Surprisingly, the dire straits that Paris found itself in, with its polluted air, have triggered a lively debate in the Mumbai Transport Forum, an e-list maintained by public transport activists. Mumbai and Bangalore probably have the largest number of citizens’ organisations advocating better facilities for buses, cycles and, not least, walkers.
One reaction is disbelief that such a well-developed city as the French capital should suffer from conditions visually resembling the notorious “pea-soup fog” in London in 1952 which claimed 4,000 lives in three days. While Paris’ current woes are a mix of meteorological and environmental factors, its appearance brought back memories of London.
The concern here is greater because Paris has a good metro and bus network; the latter ply on reserved lanes, squeezing motorists in rush hour. All public transport was free for a couple of critical days. And Paris leads the world’s big cities in the inexpensive hire of public bikes, the Velib, along with electric cars. Bangalore has taken a leaf out of Paris’ book by launching the Bicycle Friendly Streets initiative in Jayanagar two years ago to create space for cyclists on the streets.
The Mumbai forum is looking at what lessons it can derive from the Paris trauma. During the restrictions, only cars with number plates which ended in odd numbers were allowed to ply alternate days, which automatically halved the traffic. The idea had been mooted in Mumbai some years ago, but was dismissed by the reasoning that the well-to-do will only buy a second car with a number plate ending in an even number.
A spirited discussion in the forum was whether Mumbai first needed to provide adequate public transport before imposing restrictions on cars — a familiar chicken and egg dilemma. However, a member pointed out that in the Indian situation, with a minority commuting in cars, road space, which was in short supply, should be first turned over to public transport. It is a mass vs class issue.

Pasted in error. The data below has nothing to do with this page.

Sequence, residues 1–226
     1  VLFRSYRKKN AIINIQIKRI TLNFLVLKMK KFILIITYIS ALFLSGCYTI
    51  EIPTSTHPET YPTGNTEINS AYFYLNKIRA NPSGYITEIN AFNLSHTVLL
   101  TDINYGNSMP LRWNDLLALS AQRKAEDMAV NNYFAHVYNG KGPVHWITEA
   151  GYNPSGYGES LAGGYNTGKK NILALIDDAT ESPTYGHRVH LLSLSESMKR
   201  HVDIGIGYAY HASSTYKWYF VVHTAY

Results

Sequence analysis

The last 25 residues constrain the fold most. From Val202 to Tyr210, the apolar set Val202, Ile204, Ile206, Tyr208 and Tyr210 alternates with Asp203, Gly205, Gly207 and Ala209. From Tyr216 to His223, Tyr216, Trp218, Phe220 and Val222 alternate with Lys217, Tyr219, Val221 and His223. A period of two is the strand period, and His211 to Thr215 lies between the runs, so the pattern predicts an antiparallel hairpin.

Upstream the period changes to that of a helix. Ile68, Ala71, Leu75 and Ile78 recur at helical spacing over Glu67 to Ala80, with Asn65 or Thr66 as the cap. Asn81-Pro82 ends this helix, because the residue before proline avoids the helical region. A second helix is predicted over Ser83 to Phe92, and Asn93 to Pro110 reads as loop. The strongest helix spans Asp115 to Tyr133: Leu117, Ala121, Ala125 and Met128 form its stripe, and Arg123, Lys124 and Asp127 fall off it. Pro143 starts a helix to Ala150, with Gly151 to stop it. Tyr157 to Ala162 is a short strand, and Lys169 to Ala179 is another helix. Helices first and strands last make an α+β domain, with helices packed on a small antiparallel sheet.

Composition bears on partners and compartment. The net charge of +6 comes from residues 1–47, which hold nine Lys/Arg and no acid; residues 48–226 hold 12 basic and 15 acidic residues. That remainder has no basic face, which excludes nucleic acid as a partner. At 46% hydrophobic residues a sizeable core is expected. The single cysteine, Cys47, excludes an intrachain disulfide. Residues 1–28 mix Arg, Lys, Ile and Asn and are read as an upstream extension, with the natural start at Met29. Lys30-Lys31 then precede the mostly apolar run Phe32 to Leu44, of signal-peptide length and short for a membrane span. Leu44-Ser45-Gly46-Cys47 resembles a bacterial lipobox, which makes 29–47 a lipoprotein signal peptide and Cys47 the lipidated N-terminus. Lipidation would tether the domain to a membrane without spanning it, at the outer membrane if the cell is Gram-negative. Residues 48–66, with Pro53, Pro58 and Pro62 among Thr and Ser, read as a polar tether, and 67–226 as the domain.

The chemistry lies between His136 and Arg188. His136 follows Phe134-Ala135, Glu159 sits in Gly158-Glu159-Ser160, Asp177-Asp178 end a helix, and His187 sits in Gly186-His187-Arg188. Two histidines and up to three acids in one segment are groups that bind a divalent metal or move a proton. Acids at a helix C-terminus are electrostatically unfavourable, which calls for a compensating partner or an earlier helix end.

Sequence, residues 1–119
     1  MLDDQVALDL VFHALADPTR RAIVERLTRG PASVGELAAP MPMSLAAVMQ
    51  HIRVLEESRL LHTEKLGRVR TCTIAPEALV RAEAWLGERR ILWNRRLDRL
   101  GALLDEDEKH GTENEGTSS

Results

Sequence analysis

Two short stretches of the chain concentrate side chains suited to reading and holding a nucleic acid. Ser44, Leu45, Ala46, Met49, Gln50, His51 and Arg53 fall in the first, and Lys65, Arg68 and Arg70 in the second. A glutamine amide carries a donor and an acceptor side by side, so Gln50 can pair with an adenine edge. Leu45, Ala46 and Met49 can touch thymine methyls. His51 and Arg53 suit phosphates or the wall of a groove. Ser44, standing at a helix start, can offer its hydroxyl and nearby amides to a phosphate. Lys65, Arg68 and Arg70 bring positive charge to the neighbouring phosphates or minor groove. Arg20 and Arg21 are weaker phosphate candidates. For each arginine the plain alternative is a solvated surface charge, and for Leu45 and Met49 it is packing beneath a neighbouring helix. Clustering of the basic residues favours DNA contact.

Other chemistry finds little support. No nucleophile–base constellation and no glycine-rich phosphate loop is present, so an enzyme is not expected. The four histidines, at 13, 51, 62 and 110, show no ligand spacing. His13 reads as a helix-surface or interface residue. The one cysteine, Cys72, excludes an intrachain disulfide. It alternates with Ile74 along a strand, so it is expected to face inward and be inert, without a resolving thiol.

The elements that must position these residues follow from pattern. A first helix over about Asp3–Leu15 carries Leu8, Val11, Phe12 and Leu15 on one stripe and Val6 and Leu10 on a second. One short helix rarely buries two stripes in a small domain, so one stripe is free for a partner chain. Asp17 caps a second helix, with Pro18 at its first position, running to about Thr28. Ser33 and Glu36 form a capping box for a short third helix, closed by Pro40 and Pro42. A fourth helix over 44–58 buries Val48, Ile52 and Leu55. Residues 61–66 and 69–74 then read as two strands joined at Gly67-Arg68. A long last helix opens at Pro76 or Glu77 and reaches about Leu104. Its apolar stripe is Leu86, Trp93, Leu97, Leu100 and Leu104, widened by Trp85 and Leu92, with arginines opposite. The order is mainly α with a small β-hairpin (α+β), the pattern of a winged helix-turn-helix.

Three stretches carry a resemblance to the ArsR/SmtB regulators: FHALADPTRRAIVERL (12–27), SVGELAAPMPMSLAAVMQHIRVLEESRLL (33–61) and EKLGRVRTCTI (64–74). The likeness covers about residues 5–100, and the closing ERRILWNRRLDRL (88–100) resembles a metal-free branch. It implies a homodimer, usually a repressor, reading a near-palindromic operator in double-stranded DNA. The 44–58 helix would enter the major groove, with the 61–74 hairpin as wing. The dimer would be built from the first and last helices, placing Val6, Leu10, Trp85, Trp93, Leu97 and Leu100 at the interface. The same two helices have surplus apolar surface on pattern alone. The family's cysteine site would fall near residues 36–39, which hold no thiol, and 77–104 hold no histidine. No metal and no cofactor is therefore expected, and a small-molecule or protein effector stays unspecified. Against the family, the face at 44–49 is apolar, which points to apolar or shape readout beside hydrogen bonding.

Mumbai was the mega city in the world with the highest proportion of people using public transport — trains and buses — around 87%. But that has dropped to some 82% because there has been no investment in these modes, while thousands of crores have been spent on sea links, coastal highways and flyovers, all of which cater only to the 7% using cars to commute.
The Mumbai Environment Social Network (MESN), which is a key public transit advocate, countered the familiar excuse that there is “not enough space for cars and buses” by noting that a bus can run for 16 hours and carry 1,000 persons in a day (parking for eight hours); a car runs for two hours, makes about four person trips per day (and is parked for 22 hours). Fewer people have been using the city’s once-iconic BEST buses because of the congestion on the roads, caused by the burgeoning number of cars.
Delhi is reputed to have the worst air quality in the world, one rung lower than Beijing, according to Yale University. The independent Beijing-based agency, Center for China and Globalization, has quoted recent studies which show that China’s top brains are migrating en masse to more developed countries because of the intolerable air standards. Rajendra Pachauri recently observed that since Delhi was named and shamed, things have only got worse in the Capital as well as Bangalore and even Ludhiana.
The authorities everywhere throw up their hands in despair, blaming the spurt in cars for their city’s woes. But why then are they concentrating on increasing facilities only for this minority? In Mumbai, the NCP-controlled Maharashtra Road Development Corporation is planning a Rs 4,000 crore extension of the Bandra-Worli Sea Link, while the Congress-led state government wants to build a Rs 2,900 crore coastal road over the same stretch. MESN suggests that any major transit project must have half its users in public transport.
Darryl D’Monte is chairperson, Forum of Environmental Journalists of India
The views expressed by the author are personal